Proximal Tubal Blockage
Definition - What does Proximal Tubal Blockage mean?
A proximal tubal blockage is the blockage of the tube at its proximal portion, which is the part connected to the ends of the uterus on either side. Proximal blockage accounts for about 10%–20% of women diagnosed with infertility.
FertilitySmarts explains Proximal Tubal Blockage
Tubal blockage can involve the proximal, mid, or distal portion. Proximal tubal blockage can be due to:
- Chronic salpingitis, a long-standing inflammation of the fallopian tubes
- Endometriosis, the growth of the inner uterine lining outside its normal location
- Previous surgery
- Mucus plugs
- Ectopic pregnancy
- Sexually transmitted disease typically chlamydia and gonorrhea
The primary symptom of proximal tubal blockage is infertility. Many women are unaware that their fallopian tubes are damaged until they have seen a doctor for infertility. In some, infertility is accompanied by symptoms of pelvic inflammatory disease, such as constant lower abdominal pain.
In women presenting with infertility, an X-ray procedure called hysterosalpingography (HSG) may help determine proximal blockage by preventing the entry of the dye into the proximal portion of either tube. However, if the dye can’t be seen flowing out of the proximal portion, it doesn’t always necessarily mean that the tube is blocked. A build-up of mucous plug in the proximal region can occlude the fallopian tube and keep the dye from entering, giving a false impression that the proximal tube is blocked.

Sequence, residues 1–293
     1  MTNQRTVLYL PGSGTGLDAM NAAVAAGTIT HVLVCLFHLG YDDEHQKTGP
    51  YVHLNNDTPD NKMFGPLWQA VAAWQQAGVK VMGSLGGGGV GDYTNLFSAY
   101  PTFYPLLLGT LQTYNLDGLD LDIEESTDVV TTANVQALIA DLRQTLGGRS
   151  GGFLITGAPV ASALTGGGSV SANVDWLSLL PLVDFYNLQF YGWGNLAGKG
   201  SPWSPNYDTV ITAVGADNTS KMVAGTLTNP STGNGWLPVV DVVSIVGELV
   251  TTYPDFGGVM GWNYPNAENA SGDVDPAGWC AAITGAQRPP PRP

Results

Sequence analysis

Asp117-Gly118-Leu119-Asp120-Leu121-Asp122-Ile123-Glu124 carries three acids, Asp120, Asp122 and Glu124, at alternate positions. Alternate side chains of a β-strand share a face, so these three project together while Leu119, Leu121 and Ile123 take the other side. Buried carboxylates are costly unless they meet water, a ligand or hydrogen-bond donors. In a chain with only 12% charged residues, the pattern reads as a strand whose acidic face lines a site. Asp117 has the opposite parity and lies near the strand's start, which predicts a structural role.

Additional testing with laparoscopy can help clarify whether or not the tube is blocked as well as reveal the presence of any other problem such as scarring.
There are various ways to repair a tube blocked at the proximal end. The two major ones include:
- Tubal cannulation, in which the doctor inserts a tube called catheter with a balloon attached to it into the fallopian tube to unblock it. Tubal cannulation is only done if an imaging test shows a proximal blockage in one or both fallopian tubes.
- Reconstructive tubal microsurgery may also be carried out to unblock the tube, such as after failure of the tubal cannulation procedure. The goal of this fertility-promoting surgery is to restore the anatomic and functional integrity of the tube.